9 April 2018

Exhibition: Looted Art? The Benin Bronzes

Exhibition Photograph: Michaela Hille

Museum für Kunst und Gewerbe Hamburg (MKG), Germany                          
February 16th 2018
With three bronzes from Benin, the Museum für Kunst und Gewerbe Hamburg (MKG) is opening another chapter of its exhibition series Looted Art? Provenance Research on the Collections of the MKG, an integral part of the visitor’s tour of the museum. MKG has researched the origin story of these three Benin bronzes and also examined the role played by the museum’s founding director, Justus Brinckmann  in trading in such objects. The research results will be published. The bronzes are not considered works of art according to the European understanding of the term. In the culture of their home country, the Kingdom of Benin in Nigeria, the objects function to help lend people an identity. This circumstance demands that they be presented in an appropriate setting, which the MKG is not able to do in the context of its collections. After their exhibition at MKG, the bronzes will therefore be passed on to the Museum für Völkerkunde Hamburg. This museum provides with its African collection and its objects from the Benin culture a fitting context for a respectful treatment of these works.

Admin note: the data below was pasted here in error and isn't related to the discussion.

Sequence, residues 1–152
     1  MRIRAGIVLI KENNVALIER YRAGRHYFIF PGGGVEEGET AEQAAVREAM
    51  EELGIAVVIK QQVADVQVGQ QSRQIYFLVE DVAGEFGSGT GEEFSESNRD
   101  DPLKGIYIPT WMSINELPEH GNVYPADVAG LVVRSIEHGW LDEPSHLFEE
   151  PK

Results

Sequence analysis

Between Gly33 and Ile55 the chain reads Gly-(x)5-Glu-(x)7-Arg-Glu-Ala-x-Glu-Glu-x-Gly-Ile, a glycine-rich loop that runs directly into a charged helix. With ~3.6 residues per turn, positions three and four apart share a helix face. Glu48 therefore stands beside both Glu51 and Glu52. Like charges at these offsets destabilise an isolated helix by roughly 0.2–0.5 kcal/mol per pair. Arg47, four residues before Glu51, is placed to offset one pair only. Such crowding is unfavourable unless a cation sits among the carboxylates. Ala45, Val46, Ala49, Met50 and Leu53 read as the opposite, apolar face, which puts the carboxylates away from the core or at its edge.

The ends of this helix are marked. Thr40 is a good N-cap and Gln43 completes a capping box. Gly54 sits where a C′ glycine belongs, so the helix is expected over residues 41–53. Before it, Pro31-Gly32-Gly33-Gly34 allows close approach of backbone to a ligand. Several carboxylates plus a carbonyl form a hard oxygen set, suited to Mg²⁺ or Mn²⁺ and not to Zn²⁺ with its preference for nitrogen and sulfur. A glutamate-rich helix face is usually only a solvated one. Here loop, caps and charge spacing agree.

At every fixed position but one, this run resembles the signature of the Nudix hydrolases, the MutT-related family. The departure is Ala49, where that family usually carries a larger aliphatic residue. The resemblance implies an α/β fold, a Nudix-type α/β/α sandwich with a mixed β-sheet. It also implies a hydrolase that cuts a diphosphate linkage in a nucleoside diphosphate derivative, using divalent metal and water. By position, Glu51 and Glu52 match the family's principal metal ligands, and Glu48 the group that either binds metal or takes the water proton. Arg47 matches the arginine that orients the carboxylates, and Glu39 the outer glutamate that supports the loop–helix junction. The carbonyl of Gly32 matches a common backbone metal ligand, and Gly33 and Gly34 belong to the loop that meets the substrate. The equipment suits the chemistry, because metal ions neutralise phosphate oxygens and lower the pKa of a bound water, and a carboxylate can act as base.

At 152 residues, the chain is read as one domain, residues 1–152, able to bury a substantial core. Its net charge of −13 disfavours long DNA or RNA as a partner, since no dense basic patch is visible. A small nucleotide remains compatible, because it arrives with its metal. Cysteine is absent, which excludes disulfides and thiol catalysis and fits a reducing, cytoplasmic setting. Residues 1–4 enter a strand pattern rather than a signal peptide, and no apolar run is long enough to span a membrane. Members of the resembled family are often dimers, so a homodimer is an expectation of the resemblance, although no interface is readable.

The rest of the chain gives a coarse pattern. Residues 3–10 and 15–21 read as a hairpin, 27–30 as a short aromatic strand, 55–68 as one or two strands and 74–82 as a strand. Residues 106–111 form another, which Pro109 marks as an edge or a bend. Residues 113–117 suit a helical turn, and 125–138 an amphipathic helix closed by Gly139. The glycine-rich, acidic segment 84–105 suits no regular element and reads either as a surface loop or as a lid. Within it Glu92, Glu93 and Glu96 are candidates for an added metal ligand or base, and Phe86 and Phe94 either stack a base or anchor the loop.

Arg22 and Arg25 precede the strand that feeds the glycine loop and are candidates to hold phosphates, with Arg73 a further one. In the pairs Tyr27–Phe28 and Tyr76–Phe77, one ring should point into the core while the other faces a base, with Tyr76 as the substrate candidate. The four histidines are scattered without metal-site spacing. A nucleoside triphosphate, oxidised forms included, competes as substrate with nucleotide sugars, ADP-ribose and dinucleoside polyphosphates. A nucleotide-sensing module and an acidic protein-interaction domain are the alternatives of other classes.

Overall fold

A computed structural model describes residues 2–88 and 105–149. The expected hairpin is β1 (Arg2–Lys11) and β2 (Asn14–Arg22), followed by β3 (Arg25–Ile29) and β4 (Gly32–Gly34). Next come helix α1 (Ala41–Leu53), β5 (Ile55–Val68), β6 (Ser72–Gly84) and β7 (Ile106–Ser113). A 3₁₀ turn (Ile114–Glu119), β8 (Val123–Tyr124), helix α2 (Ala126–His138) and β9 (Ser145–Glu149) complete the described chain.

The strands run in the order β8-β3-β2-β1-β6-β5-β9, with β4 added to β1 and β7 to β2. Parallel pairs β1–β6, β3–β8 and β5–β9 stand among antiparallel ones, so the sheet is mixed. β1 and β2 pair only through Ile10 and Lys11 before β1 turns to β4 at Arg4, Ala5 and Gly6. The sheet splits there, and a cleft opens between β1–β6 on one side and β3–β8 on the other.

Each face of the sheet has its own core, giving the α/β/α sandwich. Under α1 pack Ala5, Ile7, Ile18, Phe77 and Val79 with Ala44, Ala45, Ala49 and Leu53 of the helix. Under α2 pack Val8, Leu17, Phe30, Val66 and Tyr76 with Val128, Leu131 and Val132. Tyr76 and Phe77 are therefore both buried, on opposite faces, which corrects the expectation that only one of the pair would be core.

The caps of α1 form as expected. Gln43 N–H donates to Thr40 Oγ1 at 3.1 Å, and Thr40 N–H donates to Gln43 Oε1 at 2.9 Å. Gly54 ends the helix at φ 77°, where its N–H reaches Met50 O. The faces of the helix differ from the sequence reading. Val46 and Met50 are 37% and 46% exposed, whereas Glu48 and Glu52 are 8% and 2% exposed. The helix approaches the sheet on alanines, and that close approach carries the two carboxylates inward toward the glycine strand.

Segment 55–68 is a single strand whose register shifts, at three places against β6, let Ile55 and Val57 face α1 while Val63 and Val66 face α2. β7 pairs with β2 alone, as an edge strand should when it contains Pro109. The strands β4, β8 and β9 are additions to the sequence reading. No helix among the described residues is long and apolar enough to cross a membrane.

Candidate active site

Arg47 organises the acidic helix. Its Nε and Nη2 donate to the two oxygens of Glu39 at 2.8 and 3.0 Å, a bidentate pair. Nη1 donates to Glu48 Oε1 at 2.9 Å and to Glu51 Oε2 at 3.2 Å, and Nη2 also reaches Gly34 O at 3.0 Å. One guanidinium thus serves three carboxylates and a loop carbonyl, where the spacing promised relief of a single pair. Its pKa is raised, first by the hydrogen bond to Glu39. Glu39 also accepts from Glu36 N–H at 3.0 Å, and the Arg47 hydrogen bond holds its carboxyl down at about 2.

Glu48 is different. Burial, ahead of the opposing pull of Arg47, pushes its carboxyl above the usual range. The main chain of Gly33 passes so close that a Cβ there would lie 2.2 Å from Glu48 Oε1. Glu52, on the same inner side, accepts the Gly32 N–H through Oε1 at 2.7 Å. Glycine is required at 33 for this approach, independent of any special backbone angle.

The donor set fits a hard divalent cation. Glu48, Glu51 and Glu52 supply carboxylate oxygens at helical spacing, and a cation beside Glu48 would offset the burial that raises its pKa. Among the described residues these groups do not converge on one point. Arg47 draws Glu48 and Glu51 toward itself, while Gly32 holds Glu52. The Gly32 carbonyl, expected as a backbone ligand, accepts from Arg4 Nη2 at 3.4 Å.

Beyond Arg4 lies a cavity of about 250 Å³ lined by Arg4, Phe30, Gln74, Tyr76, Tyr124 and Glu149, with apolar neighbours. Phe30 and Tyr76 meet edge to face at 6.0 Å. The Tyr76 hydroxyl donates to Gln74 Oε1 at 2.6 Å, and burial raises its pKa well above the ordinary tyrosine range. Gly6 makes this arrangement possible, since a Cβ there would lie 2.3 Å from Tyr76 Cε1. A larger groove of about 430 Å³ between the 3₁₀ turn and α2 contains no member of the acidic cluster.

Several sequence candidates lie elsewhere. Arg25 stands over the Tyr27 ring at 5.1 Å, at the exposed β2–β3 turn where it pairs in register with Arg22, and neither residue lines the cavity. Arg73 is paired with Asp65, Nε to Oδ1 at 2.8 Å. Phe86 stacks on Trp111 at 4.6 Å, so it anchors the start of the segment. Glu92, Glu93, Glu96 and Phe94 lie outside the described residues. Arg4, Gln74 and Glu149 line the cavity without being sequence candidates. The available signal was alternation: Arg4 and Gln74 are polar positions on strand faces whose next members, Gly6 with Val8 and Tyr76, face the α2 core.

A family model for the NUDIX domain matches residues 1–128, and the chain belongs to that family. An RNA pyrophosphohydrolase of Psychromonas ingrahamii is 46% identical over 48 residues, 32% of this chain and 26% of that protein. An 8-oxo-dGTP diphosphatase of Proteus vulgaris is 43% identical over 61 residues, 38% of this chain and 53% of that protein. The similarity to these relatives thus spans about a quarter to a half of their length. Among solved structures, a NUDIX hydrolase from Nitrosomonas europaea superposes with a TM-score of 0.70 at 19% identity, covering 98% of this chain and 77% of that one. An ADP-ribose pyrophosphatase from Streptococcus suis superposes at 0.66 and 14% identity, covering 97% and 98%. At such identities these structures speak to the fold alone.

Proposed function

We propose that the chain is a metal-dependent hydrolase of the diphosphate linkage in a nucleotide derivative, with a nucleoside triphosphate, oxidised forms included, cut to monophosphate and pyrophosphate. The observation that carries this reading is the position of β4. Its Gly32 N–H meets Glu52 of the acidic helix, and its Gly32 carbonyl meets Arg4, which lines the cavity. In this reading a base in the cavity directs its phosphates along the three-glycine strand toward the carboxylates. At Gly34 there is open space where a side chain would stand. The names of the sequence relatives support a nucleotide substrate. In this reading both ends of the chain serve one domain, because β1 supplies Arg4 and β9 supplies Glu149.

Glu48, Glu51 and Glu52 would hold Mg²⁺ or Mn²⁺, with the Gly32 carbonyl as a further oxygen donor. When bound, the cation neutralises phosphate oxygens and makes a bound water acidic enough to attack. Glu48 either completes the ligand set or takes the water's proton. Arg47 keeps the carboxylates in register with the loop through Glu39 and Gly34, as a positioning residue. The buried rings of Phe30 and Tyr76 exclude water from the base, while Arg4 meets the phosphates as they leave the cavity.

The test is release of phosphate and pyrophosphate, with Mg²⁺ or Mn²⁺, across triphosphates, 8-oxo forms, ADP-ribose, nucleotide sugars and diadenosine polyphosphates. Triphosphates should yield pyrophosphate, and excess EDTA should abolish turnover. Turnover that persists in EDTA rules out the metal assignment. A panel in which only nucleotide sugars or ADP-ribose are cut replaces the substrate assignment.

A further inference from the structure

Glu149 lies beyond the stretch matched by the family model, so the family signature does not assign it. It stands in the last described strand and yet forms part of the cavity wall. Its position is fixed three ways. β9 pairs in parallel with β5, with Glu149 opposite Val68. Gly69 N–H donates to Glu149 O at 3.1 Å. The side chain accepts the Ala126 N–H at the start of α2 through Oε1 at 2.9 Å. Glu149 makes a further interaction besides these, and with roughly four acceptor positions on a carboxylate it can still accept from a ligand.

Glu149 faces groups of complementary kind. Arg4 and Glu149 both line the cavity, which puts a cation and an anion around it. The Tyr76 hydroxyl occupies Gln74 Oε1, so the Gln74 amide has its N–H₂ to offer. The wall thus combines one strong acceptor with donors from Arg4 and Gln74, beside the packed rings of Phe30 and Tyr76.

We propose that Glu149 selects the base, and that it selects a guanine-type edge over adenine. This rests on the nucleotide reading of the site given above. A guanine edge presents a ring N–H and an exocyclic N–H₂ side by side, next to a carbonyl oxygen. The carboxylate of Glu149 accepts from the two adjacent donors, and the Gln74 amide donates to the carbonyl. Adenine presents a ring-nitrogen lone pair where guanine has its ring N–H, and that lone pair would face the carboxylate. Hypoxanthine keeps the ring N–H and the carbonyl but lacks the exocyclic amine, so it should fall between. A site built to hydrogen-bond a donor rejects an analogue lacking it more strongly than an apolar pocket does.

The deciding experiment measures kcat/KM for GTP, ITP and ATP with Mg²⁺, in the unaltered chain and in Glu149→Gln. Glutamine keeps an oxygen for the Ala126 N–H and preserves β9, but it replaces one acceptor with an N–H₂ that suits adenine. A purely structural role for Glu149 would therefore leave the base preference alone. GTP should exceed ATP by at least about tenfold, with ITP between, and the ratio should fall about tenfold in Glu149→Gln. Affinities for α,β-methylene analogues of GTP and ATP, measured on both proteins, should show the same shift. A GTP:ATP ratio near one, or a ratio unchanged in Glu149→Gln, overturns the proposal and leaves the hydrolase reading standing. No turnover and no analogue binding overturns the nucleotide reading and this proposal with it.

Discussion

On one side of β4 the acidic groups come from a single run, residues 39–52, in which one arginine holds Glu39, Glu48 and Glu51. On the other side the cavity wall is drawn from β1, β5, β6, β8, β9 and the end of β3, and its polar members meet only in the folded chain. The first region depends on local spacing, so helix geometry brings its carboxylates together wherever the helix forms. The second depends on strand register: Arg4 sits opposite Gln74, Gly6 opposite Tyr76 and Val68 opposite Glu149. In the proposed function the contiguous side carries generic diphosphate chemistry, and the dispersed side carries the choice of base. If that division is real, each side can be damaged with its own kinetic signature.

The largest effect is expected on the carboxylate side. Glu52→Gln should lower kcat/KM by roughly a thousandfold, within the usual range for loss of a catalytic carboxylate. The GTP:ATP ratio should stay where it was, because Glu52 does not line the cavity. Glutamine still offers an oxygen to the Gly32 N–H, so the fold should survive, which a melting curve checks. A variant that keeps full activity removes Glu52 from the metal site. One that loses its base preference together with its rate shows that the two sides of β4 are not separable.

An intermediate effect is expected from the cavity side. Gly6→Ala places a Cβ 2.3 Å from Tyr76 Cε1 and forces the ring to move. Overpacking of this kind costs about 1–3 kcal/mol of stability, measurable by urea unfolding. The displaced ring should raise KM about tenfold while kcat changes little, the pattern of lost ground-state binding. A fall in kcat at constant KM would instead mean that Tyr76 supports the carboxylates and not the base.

Today there is no question anymore that these bronzes constitute looted art. In early 1897, a British delegation set out for Benin City to demand compliance with a trade agreement. A warning that this was an unfavorable time for a visit due to the Benin cultural rites being celebrated during that season fell on deaf ears. The delegation became embroiled in a skirmish and only a few members survived. In response, the British government launched a “punitive expedition.” The troops took Benin City in February 1897. In the royal palace, they seized bronze reliefs, shrines with bronze objects, and ivory, trading the items locally or bringing them back to London. Justus Brinckmann was the first German museum director to obtain bronzes from Benin and encouraged other museums to follow suit, sparking a brisk trade in these objects via Hamburg. In the port city with its trading companies based in Africa, Brinckmann enjoyed a prime location and acted as an intermediary. Of some 50 bronzes that passed through his hands, only three pieces remained at MKG. The largest contingent became part of the collection of the Museum für Völkerkunde Hamburg, and other objects were resold. With the proceeds from these sales, Brinckmann funded the acquisition by MKG of the Relief Panel with Three Dignitaries (1575–1600) and the Relief Panel with a Battle Scene (1600–1625). Museum benefactor Theodor Heye financed the purchase of the Head of an Oba (1600–1625).

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